Operation Badger travel blog

Looking down on Cusco

Big rocks

More big rocks

Really big rocks

Big rocks perfectly wedged together

The fortress from afar

Ditto

Cusco side streets

Cusco plaza

More Cusco plaza


Cusco, the Inca capital, has a reputation in South America that is at least as bad, if not worst, than La Paz in the crime stakes. As if to prove that city reputations are innocent until proven guilty, we found this completely unjust (though not necessarily untrue; the only truism is that a place only exists in the eye of a beholder and their eyes will remember only what they see). Arriving in Cusco, we were immediately struck by how much nicer it looked aesthetically than skanky La Paz. It felt like the sort of city one likes to explore with cathedrals, ruins and Inca relics jutting out of every nook and cranny, spacious plazas that have clearly been spruced up for the influx of tourists, but one cannot deny that it looks pretty. For a more authentic feel you can ramble through countless cobblestoned alleyways with craft shops and little cafes. It certainly feels more touristy than La Paz, and the prices in the cafes and restaurants, of which there are a lot, are certainly noticeably higher. However, suffice to say, touristy or not, it is a much more pleasant city to wander around, even for the museums and architecture. We’re a bit over that backpacker thing where you seek out the roughest dirtiest crime ridden places in order to get some sort of traveller badge to sow onto your walking boots. Personally, I like architecture, a good atmosphere and steak and wine that flows like blood through the quaint cobbled streets.

One of the things I really wanted to see was the fortress of Sacsayhuaman, Inca ruins set 2km above Cusco. The attached photos should explain it better, but it consists of hundreds of massive rocks, spread around 21 bastions. Each of the rocks weigh up to 130 tonnes and are fitted together with such perfection its mind boggling. The lines in between them are perfectly straight and you would struggle to fit a credit card in between, yet these huge boulders are so huge you just wonder how the Incas managed to fashion them with so much precision. While not as impressive in scale as some of the other archaeological sites we’ve visited, this was very unique and sticks in the mind more due to the mystery of it. In contrast, somewhere like Tikal is awesome in every way, but when you look at the pyramids you can at least envisage how they were constructed, whatever the hardship and difficulty involved. I like puzzles within an enigma wrapped up in a mystery. It’s exactly the sort of place where one wishes they had their wine-stained Eric Von Daniken book, just so they could give the mad man a fair trial for his UFO-close encounter ramblings, because on the basis of a place like this you cannot deny that he at least had a point (albeit one that he stretched further than a bungee cord over the Grand Canyon.)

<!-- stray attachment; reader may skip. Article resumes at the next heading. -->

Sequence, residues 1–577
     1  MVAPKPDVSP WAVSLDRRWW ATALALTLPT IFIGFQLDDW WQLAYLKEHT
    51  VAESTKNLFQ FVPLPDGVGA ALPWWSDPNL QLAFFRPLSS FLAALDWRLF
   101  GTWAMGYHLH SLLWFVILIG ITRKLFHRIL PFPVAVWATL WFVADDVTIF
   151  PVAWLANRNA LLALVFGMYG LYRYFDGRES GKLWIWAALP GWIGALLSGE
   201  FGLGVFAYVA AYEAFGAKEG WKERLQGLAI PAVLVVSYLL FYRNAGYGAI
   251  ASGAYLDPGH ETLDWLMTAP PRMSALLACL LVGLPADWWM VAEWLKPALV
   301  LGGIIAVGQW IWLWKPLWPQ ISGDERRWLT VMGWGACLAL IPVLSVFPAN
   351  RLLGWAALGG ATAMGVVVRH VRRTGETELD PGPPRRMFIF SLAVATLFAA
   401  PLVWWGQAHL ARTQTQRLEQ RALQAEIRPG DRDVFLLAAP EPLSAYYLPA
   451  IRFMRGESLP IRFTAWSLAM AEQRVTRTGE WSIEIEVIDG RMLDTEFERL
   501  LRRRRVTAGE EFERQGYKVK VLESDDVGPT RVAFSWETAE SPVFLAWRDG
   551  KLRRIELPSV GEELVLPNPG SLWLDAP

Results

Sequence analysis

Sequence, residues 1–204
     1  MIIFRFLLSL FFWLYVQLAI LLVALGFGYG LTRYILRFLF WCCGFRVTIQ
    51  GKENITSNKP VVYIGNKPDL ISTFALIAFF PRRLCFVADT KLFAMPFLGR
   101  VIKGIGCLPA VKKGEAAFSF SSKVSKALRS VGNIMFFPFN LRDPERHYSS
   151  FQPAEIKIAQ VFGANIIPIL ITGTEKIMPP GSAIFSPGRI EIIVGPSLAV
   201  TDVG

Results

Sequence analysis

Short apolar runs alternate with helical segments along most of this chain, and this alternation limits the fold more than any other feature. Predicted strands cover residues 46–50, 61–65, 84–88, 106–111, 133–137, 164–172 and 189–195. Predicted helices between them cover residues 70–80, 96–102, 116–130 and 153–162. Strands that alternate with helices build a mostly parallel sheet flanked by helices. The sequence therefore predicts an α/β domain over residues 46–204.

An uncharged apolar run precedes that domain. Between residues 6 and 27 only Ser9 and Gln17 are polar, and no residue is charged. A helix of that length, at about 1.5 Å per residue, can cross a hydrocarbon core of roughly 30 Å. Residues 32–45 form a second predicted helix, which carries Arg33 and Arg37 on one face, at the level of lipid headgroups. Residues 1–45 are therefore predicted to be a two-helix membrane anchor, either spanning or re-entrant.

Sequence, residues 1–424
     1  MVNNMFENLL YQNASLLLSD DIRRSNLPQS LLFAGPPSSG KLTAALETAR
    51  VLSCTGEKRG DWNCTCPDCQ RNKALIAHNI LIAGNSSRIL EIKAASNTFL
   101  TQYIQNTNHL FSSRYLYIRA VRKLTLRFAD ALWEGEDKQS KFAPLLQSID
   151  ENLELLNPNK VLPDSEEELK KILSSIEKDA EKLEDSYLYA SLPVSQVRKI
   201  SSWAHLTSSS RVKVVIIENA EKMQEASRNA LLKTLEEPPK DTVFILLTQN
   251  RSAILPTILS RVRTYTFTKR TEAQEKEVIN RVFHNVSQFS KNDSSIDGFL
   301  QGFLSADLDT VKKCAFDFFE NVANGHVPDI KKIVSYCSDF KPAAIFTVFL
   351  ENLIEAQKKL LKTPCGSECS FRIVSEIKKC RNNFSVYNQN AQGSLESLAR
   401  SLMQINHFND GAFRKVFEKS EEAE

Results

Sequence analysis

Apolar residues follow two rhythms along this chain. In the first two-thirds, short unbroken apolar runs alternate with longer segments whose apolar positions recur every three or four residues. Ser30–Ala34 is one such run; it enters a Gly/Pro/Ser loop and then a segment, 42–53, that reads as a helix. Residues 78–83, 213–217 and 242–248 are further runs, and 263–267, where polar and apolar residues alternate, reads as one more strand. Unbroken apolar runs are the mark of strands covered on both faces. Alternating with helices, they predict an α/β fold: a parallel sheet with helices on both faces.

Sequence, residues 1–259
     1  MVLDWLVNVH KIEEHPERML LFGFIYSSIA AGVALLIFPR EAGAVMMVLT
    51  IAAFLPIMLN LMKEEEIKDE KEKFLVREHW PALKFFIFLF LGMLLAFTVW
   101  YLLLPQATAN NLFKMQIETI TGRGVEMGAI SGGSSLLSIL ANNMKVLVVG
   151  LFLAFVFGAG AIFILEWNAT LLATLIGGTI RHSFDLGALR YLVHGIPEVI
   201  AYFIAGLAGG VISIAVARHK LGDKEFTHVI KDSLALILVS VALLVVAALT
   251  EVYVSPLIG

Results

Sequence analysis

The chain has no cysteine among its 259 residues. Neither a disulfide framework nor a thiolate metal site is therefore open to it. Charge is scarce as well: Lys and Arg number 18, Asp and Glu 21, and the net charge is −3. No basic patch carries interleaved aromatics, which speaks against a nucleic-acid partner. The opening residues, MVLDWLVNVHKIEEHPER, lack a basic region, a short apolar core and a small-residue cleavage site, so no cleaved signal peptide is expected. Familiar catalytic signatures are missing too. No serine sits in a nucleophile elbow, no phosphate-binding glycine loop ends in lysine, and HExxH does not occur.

Anyway, the real point of us coming to Cusco is obviously for the Inca Trail. We start in another day, having a few days to get some last minute supplies. For a lot of people who fly in to do it they usually need several days to acclimatise first, Cusco being 3,400 metres above sea level. However we seem to have spent the last few weeks at this sort of height, so really we’re just stocking up on steaky goodness of the alpaca variety! The only bad sign at the moment is that the weather is wet and rainy and shows no immediate sign of stopping. We have bought some new ponchos that cover our bags and all so we’re hoping we get a few sunny spells at least. Still, rain or shine, we’re looking forward to a four day treck ending in Machu Pichu. We’ll update you when we get back!



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